Sometimes, people fertilize right at the end of a growing season. But the best time to fertilize your lawn is immediately after undertaking aeration when the soil and roots are open to let the nutrients in. You also want to water your lawn immediately after you fertilize.
Some people prefer fertilizing in the fall a few weeks before winter or in very late spring or early summer, but this isn't advisable. Aerating then makes good sense.
Fertilizing too early can lead to “burning” an in-ground lawn (especially if you still have old grass), making it very brown for months. It could also aggravate problems with diseases because of salt build-up and cause yellow patches in cool-season lawns.
Soil Aeration and Your Lawn's Health
If your lawn becomes too compact, aerate it to alleviate the problem. Use the top two inches of soil so the grass can breathe and feed much better.
If you love dogs, you'll probably want your dog to do his business in that area – which means helping your soil remain healthy! The kids might want to get outside and play yard tag at that exact location. No chemicals will be necessary for a healthy lawn in such areas.
Good grass growth protects the lawn areas with heavy foot traffic and gives the soil an excellent foundation for fertility. The more fertile it is, the better your lawn remains each year.
4-Step Guide To Fertilizing Your Lawn
4 Reasons Why Fertilize
Research shows that applying an effective lawn fertilizer does four critical things for your lawn: it improves the color and vigor of any type of grass, increases disease resistance, controls weeds, and encourages blooming.
In addition, it's essential to use a fertilizer that will give your new grass the spring boost it needs to get off to a good start.
The Best Time To Fertilize
The best time to fertilize your lawn for optimal results begins when the plants are small, just a few inches tall. Applying fertilizer should take place anytime within 12 hours before the rains start. Also, remember to do this before temperatures become too extreme.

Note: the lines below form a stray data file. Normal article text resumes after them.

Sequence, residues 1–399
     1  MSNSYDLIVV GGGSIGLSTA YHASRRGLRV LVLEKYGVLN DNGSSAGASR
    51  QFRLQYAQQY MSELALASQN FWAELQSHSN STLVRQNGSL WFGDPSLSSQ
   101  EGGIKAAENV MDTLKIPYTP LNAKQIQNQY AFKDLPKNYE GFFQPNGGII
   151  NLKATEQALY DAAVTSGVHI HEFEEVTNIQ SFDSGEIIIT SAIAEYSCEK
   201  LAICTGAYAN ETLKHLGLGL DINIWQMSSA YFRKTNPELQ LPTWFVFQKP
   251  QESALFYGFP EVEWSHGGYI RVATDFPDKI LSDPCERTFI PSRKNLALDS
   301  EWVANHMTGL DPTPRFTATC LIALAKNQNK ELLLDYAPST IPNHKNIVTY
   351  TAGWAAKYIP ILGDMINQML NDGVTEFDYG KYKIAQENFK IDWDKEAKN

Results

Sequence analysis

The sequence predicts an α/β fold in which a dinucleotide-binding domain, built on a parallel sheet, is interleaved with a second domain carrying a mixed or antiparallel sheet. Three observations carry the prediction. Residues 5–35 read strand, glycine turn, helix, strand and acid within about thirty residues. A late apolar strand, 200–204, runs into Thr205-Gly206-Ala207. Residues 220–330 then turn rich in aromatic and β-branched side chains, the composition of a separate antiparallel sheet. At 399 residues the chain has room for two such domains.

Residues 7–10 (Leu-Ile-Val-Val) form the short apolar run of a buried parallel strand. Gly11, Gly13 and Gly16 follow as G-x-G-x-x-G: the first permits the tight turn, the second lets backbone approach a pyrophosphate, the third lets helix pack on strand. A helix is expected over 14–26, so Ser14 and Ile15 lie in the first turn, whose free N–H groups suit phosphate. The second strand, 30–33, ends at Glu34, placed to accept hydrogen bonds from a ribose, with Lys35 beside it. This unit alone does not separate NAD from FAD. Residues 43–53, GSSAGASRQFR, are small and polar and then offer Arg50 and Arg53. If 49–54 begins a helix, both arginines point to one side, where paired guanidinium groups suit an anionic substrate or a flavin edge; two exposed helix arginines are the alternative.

Springtime is the best time when the young plants have only recently started to put up new leaves and have not yet reached maturity. Early spring growth requires more soil nutrients than when the grass is fully mature, such as in late summer growth.
As spring moves into warmer months, gradually increase either nitrogen, phosphorous, or potassium—but distribute no more than one application per month to avoid burning your lawn with excess nutrients.
How Often Should You Fertilize Your Lawn?
The rule of thumb is: Don't over-fertilize lawn! Do not fertilize your lawn more than once a month.
Over-fertilizing your lawn causes fertilizer burn. Fertilizer burn occurs when nitrogen and salt levels increase in the soil, killing the lawn grass. The grass color changes from green to yellow, or green with brown stripes, and even some parts become entirely dead.
To avoid over-fertilization, note the date you applied the lawn food and make a fertilizer application schedule. Most importantly, check the manufacturer's recommendations on the frequency of application.
The Best Types of Fertilizers For Your Lawn
There are two types of fertilizers homeowners can use on their lawn – organic fertilizers and chemical fertilizers. Whichever you choose depends on both the type of lawn you have and how much trouble you're willing to go through with the fertilizer.